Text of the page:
The U.S. House of Representatives has overwhelmingly approved a resolution calling on European governments to take stronger action to prevent anti-Semitic attacks.
The resolution cites a string of anti-Semitic incidents across Europe in recent months, specifically in France, Belgium and Germany.
The measure calls on European governments to take all necessary steps to protect the safety and well-being of their Jewish communities. And it urges governments to cultivate an atmosphere of cooperation and reconciliation among Jewish and non-Jewish residents of Europe.
In statements on the House floor, lawmakers lamented social and political factors in European countries that have permitted a resurgence of anti-semitism.
Congressman Tom Lantos blames what he calls "misguided" left-wing groups in Europe, as well as neo-Nazis, and he identifies what he calls a new factor. "We have a new element, the extremist Islamic and Arab populations of Europe are contributing powerfully to anti-Semitism," he said, "and it is incumbent upon the governments of Europe to fight these forces."
The upsurge in attacks on Jewish sites in Europe this year coincided with Israeli military actions in the West Bank in response to Palestinian suicide terrorist attacks - although observers note that European anti-semitism has been on the rise for many years.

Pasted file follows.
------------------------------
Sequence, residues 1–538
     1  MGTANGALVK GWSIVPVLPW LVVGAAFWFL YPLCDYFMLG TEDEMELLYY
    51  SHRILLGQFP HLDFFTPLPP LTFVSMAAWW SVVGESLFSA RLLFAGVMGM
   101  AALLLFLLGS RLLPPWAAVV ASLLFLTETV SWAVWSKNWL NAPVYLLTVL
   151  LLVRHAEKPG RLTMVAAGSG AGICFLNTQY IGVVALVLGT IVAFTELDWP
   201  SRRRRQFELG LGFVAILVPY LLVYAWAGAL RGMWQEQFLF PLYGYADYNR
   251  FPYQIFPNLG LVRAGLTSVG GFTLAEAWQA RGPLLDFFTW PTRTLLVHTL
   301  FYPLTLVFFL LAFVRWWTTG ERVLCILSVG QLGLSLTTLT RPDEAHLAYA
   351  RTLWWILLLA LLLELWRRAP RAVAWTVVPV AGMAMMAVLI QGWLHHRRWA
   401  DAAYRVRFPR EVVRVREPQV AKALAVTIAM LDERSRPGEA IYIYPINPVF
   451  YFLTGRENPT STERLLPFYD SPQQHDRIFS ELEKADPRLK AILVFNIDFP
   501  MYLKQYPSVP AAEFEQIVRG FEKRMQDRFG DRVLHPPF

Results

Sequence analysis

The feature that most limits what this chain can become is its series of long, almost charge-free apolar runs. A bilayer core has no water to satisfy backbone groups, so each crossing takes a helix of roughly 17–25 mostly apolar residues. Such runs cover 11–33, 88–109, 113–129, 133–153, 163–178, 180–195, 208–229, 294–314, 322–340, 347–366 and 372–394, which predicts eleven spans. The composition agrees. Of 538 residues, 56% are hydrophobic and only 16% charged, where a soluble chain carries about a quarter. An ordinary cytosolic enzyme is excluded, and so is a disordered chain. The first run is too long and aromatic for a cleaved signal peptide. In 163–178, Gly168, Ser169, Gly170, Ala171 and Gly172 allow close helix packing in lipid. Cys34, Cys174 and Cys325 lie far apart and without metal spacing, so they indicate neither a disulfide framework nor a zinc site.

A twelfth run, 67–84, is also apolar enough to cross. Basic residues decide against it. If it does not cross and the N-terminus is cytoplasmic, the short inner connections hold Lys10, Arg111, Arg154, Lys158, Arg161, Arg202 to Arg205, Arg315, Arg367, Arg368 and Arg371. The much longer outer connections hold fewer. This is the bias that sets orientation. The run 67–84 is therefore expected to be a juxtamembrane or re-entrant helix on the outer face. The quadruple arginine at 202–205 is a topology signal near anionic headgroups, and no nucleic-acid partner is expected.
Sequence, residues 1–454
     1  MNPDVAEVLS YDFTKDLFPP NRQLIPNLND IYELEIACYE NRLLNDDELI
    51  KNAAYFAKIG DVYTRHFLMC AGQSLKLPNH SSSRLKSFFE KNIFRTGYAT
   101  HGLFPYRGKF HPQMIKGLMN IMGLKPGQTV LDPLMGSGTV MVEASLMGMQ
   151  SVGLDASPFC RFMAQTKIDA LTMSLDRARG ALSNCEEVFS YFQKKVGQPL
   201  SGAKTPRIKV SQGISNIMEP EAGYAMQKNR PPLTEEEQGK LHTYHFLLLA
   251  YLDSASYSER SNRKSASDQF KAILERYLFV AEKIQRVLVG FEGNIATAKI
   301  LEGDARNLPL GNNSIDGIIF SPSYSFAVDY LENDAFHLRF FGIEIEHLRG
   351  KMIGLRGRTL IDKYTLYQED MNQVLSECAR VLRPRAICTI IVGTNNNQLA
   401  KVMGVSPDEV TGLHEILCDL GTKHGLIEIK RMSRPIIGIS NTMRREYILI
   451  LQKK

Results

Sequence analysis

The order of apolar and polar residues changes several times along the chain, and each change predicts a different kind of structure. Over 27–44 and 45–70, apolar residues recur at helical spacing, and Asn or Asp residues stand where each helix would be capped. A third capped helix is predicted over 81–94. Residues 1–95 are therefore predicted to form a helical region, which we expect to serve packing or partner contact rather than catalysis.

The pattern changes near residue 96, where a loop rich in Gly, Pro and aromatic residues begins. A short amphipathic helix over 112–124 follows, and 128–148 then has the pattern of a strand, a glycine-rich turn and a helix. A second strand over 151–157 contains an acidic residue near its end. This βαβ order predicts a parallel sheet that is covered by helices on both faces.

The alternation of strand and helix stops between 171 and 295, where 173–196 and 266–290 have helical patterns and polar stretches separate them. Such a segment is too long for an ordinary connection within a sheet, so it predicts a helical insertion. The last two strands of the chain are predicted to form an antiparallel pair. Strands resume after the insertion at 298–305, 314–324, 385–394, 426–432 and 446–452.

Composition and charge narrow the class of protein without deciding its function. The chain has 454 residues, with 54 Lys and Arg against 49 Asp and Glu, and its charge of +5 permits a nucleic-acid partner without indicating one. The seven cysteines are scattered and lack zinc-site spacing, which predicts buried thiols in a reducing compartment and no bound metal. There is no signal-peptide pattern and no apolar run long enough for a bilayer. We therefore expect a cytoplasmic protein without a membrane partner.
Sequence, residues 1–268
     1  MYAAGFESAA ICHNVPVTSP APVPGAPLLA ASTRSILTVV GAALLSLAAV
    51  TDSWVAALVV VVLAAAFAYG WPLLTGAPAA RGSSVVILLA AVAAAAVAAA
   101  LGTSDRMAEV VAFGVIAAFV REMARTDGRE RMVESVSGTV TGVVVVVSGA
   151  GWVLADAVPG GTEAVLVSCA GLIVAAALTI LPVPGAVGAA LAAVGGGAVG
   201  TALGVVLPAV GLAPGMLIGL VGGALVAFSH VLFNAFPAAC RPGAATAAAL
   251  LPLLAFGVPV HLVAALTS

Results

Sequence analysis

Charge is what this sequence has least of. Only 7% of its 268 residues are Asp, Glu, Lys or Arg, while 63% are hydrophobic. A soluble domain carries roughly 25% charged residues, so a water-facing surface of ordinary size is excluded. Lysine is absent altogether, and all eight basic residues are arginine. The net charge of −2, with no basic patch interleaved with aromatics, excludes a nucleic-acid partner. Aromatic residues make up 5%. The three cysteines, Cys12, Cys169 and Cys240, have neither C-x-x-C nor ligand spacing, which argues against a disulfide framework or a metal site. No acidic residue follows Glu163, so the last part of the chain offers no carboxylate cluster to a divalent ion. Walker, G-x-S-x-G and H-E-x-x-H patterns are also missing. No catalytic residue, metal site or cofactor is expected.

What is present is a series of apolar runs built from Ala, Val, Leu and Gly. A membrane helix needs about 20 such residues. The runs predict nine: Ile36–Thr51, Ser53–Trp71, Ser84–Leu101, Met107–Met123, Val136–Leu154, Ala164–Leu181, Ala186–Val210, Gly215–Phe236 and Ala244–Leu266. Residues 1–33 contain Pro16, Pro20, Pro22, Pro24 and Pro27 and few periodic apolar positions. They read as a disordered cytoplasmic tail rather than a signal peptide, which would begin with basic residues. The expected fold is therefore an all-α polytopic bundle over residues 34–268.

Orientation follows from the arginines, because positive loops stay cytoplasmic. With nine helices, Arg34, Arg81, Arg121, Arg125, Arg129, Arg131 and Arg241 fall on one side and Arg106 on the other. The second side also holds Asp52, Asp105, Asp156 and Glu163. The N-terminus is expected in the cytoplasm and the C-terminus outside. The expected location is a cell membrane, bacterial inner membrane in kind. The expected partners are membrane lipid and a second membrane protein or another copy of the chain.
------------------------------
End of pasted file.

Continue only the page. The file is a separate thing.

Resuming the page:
France has 700,000 Jews and five million Muslims, the largest population of the two groups in western Europe.
Another U.S. lawmaker, Congressman Joe Hoeffel of Pennsylvania, said all governments must draw a firm line against anti-semitic attacks. "To speak out, speak out loudly, to denounce it, to make sure everybody knows how unacceptable hatred and intolerance is," he said. "We will win this victory if we step forward, and if people around the world step forward, and say that anti-Semitism is un-American, that it is un-German, that it is un-French, that it is un-Ukrainian, that it is against the basic principles of a civilized people wherever it happens around the world."
Anti-Semitic incidents this year have included arson or vandalism against synagogues in major French cities, as well as in Berlin, Brussels, London and Russian cities.
In April, the World Jewish Congress appealed to European governments to do a better job of protection.
Last week, the Simon Weisenthal Center, which is dedicated to preserving memories and awareness of the holocaust, said French authorities had pledged to do everything necessary to stop attacks on the Jewish community in France, and that such attacks would be considered hate crimes.
The House resolution on anti-Semitism in Europe, approved Tuesday by a vote of 412-0, is merely an expression of congressional opinion and is not sent to the President for signature. An identical bill is still pending in the Senate.